Commentary / Japan

Beating the heat at the Tokyo Olympics

by Takeo Hirata

We all recall the joy and excitement when the decision was announced in Buenos Aires by the International Olympic Committee that Japan would host the 2020 Olympics (July 24 to Aug. 9) and Paralympics (Aug. 25 to Sept. 6). I also remember acknowledging that much planning and preparation would be required to meet the challenges that staging the games in the heat of summer would present.

Upon my return from Argentina, I was asked by the Prime Minister’s Office to lead the national government’s preparations for the Tokyo 2020 Games. Initially, my primary concern was Tokyo’s summer heat and humidity that would impact all participants — athletes, staff and spectators. This challenge would call on the best of Japanese expertise, innovation and imagination to bring out the best in the athletes competing in very challenging conditions. It would also showcase the determination and methods of the world-famous Japanese management and production styles.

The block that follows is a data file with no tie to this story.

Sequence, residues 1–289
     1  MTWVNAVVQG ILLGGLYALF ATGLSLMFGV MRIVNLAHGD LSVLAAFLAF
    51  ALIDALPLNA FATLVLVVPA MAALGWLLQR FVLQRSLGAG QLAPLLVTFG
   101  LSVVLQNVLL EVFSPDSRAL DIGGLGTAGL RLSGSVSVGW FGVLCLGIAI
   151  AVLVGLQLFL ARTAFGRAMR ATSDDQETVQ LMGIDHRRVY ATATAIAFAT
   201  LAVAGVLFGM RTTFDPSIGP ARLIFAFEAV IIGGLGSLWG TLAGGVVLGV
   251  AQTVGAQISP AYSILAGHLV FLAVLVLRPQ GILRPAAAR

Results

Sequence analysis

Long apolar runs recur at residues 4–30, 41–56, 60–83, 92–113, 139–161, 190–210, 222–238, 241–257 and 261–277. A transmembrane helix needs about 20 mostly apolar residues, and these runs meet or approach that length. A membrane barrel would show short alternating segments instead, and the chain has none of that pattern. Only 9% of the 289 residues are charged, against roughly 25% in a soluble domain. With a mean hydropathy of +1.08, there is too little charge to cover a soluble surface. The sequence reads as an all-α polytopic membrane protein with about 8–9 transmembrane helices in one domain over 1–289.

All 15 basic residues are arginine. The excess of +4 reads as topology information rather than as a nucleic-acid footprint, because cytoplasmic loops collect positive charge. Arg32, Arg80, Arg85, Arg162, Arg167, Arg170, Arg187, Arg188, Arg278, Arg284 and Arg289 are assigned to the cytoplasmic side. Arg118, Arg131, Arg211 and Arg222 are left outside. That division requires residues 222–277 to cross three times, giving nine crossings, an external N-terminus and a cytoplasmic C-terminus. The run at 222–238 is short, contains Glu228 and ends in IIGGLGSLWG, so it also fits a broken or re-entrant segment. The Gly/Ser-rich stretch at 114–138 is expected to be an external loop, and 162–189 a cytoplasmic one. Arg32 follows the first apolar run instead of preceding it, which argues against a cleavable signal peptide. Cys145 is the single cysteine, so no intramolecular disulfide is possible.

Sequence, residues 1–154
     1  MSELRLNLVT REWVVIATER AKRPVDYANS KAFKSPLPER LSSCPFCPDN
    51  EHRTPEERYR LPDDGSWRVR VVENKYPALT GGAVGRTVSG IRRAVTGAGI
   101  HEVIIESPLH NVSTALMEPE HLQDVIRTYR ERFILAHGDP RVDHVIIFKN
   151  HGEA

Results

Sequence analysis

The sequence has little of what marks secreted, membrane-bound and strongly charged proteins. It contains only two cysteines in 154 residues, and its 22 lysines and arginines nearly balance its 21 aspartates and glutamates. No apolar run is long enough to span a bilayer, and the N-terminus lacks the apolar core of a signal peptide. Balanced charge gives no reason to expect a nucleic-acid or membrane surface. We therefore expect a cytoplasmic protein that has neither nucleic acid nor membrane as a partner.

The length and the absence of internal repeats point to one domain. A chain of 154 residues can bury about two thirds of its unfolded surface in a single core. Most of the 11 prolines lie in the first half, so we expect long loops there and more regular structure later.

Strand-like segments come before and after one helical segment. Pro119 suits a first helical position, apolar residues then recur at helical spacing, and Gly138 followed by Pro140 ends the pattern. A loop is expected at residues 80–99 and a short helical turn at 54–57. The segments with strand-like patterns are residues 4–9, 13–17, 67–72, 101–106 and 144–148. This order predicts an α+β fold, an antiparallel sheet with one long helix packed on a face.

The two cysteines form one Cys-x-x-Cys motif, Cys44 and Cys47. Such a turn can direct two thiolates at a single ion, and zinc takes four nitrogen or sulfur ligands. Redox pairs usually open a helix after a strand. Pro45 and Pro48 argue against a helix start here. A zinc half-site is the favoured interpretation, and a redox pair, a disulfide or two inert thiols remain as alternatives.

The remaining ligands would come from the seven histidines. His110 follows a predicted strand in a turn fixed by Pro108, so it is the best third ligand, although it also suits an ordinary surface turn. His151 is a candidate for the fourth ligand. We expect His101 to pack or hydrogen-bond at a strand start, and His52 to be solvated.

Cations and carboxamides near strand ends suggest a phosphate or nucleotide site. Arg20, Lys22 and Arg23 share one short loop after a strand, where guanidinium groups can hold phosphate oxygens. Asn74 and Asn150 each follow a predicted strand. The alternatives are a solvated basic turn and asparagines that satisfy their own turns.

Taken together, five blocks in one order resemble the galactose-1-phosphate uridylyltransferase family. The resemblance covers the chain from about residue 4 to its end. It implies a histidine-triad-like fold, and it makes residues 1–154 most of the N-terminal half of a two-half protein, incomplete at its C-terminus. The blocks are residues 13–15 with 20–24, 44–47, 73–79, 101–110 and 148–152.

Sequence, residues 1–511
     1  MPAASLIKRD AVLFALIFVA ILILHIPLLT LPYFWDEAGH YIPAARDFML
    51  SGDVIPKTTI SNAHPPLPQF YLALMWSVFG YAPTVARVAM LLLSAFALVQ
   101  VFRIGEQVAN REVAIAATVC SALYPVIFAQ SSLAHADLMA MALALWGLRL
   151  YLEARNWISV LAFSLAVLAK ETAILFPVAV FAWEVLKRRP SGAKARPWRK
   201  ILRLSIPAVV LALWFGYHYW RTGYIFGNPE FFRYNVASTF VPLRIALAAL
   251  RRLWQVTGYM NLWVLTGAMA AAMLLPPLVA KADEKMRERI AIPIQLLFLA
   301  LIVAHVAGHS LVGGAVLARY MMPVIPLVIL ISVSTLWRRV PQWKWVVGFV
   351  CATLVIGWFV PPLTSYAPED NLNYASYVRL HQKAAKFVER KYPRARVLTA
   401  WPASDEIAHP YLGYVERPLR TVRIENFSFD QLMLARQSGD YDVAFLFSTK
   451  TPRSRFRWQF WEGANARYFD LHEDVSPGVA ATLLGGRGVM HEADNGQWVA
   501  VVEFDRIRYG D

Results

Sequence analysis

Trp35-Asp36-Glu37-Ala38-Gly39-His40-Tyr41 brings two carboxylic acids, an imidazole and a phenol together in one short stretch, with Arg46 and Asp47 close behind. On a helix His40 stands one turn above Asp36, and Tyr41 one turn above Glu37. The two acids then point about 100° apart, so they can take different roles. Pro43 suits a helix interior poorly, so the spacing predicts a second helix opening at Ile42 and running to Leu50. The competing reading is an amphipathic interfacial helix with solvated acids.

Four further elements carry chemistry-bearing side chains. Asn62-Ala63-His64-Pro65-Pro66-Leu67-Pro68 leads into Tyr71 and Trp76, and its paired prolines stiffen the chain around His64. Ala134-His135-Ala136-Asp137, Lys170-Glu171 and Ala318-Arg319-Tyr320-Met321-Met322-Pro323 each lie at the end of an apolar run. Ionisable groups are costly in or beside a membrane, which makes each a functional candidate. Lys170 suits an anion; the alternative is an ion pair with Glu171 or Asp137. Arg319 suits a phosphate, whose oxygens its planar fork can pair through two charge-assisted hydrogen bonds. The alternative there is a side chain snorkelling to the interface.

Implementation and the fine-tuning of existing plans and the development of additional plans for the Tokyo 2020 Games began in September 2013, shortly after the IOC announced the selection of Tokyo as host.

Three overlapping questions came to mind. First, how can technology help mitigate the heat and humidity? Second, what information needs to be prepared and made available to visitors from abroad regarding the summer weather? Third, what is required to meet the particular needs of people with disabilities?

Regarding the role of technology, allow me to share an example. I vividly recall meeting the director general of the Road Division at the Land, Infrastructure, Transport and Tourism Ministry in 2013 to share my concerns about the intense summer heat and to seek new ideas to make conditions better for athletes. We concurred that something had to be done; our agreement led to the development of heat-shielding material on the roads for the marathon events.